Envolution around 2,000 BC



Southwest Asia



Brace and his colleagues measured hundreds of ancient Egyptian bodies and estimated the genetic affinities of the ancient Egyptians to other groups, and they concluded that the characteristic suite of physical features of ancient Egyptians has been relatively the same since the Pleistocene, and that ancient Egyptians were most closely related genetically to circum-Mediterranean peoples and Europeans, less so to sub-Saharan Africans. The ancient Egyptians, course, considered themselves different from all other peoples and superior to them. Egyptian men were painted a darker color than women to underscore gender differences, misleading some to conclude that most ancient Egyptians were very dark in skin tone; but there is no evidence that they were much different in this regard from modern Egyptians, with the wide range from the very light Mediterranean types to sub-Saharan tones. (Patterns in Prehistory)

Indus Valley



The Takla Makan Desert had preserved not only the fine parchment and palm leaves with their Tocharian writings but also corpses of the former inhabitants of the region in which the language was spoken. These people are far more ancient than the manuscripts. A naturally mummified woman, her desiccated flesh in an incredible state of preservation, was exhumed from the desert floor of the Tarim Basin by a crew of Chinese archaeologists in 1985. The mummy was dressed in a colorful blouse, skirt, leggings, boots, hat, and jewelry. She is estimated to have been fifty-eight years old and to I have lived at least a thousand years before Christ. What most surprised her discoverers was her almost six-foot height, her long, narrow nose, her thin lips, her deep-set eyes, her blond hair, and her pointed skull, all unmistakable features of a European pedigree. Some graves contained woven plaid textiles. The diagonal twill weave requires a type of loom never before linked with central Asia. A specialist in textile archaeology at the University of Pennsylvania remarked that the wool design was "virtually identical stylistically and technically" to plaids found in Germany and Austria from roughly the same time. (Noah's Flood)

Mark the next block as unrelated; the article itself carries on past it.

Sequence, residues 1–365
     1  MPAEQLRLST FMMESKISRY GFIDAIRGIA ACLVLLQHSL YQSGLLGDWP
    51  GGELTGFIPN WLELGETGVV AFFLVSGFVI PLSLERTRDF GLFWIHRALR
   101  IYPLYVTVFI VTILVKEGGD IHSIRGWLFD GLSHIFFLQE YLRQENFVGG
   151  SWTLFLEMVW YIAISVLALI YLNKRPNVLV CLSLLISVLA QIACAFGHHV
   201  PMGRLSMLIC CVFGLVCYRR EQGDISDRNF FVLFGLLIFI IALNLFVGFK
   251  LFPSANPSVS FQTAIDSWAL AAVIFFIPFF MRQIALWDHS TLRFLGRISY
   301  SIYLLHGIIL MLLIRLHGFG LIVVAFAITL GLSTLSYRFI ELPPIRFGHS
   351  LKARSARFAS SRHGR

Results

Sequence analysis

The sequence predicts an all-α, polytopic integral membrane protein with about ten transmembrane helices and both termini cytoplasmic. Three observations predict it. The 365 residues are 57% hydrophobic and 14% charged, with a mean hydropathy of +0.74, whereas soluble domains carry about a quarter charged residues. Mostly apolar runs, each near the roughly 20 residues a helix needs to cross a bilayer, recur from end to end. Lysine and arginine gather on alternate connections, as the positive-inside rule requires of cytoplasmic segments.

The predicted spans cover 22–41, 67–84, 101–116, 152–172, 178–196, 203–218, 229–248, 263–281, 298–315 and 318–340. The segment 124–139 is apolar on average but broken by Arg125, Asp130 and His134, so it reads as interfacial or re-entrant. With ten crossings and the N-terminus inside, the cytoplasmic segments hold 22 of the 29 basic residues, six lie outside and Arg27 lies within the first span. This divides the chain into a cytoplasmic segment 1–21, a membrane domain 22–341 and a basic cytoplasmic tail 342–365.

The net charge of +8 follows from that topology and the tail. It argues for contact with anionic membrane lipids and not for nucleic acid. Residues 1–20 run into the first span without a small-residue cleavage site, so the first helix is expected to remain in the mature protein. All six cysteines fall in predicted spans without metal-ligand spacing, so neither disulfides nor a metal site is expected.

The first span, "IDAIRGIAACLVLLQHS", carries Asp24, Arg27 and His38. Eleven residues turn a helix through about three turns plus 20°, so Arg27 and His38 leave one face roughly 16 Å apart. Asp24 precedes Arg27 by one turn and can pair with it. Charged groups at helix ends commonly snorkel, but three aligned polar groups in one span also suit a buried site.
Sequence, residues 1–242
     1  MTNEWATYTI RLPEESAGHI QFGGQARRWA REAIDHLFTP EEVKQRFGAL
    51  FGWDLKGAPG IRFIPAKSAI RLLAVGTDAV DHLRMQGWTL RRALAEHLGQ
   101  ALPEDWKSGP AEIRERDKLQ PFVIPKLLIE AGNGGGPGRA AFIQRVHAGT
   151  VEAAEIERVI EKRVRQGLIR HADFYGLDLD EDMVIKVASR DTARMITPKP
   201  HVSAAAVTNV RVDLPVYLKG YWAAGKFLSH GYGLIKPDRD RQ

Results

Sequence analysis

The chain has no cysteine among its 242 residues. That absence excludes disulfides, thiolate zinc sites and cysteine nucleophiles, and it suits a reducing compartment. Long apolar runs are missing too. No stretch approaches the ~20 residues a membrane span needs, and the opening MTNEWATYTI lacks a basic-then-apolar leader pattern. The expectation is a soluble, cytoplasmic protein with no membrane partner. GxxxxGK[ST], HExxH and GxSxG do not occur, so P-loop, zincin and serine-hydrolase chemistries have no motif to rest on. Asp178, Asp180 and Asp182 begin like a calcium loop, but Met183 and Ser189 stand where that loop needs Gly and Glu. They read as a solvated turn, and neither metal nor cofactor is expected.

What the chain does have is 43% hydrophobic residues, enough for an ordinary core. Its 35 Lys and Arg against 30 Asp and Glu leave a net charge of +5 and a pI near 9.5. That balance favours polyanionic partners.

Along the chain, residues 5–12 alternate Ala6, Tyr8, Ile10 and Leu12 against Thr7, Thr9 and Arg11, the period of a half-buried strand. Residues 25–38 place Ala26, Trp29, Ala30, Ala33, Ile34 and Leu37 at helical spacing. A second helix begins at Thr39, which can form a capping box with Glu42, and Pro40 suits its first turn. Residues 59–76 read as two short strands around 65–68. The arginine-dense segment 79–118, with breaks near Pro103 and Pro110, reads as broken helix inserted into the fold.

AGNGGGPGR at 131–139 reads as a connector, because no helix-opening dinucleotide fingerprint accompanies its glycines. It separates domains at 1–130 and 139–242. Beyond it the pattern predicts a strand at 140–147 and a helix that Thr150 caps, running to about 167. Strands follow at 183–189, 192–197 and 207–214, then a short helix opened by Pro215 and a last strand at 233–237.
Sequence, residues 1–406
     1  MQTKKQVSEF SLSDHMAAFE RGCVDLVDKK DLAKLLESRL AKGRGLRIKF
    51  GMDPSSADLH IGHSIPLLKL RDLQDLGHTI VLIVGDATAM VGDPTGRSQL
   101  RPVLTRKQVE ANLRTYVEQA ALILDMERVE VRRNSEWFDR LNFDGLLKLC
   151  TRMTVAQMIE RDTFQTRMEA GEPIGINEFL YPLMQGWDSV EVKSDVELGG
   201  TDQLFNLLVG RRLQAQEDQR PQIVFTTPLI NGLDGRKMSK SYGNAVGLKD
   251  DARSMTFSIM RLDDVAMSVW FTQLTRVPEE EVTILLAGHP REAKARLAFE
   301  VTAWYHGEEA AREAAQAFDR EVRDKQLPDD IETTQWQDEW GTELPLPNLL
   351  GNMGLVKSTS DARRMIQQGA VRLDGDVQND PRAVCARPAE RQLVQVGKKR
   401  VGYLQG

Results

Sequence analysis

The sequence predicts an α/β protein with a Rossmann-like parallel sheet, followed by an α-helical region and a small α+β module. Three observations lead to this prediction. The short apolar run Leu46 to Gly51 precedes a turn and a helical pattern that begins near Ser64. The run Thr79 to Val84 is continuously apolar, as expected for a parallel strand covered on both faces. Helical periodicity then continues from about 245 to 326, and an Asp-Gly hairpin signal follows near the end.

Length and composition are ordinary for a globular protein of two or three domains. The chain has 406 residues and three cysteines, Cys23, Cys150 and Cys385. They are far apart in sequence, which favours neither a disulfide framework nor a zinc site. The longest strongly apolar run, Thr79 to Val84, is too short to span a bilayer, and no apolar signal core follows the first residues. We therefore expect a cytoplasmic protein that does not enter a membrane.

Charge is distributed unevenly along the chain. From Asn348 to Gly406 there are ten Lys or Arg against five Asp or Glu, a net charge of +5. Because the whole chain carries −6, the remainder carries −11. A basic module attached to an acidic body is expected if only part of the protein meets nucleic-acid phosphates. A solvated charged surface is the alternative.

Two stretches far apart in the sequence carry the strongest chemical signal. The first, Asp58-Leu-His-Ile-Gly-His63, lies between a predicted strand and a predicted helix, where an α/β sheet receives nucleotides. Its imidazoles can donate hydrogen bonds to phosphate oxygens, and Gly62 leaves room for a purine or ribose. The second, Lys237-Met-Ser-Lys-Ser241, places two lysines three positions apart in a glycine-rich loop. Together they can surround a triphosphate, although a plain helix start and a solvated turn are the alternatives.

South America




North America

C. Turner looked at many different features of teeth, including shoveling, and variations in the number of roots of premolars and molars. By comparing large samples of teeth on many different measurements, Turner concluded that: (1) New World groups are more like Asians than like Europeans; (2) all New World groups resemble each other more than they do most Old World populations; (3) dental variation is greater in North America than in South America; (4) there are three "clusters" of New World peoples. It is very difficult, however, to estimate rates of change in these kinds of physical features, and thereby to estimate how long ago the migrations to the Americas began, but Turner's calculations estimate a date of about 12,000 years ago for the initial colonization of the New World, with two much later waves of colonizations. (Patterns in Prehistory)


The Canary Islands have the same prehistoric components as does North Africa: the Cro-Magnon type and the Proto-Mediterranean. The first and more primitive human type arrived on the islands, according to some authors, between 2500 BC and 1000 AD. However, because of the numerical proportion of Cro-Magnon type (Tenerife, 34 percent; Great Canary, 33 percent; and Gomera, 45 percent), an early arrival to the Canary Islands from the continent is more likely when Cro-Magnon types dominated North Africa prior to 10,500 years ago. (Before the Pharaohs)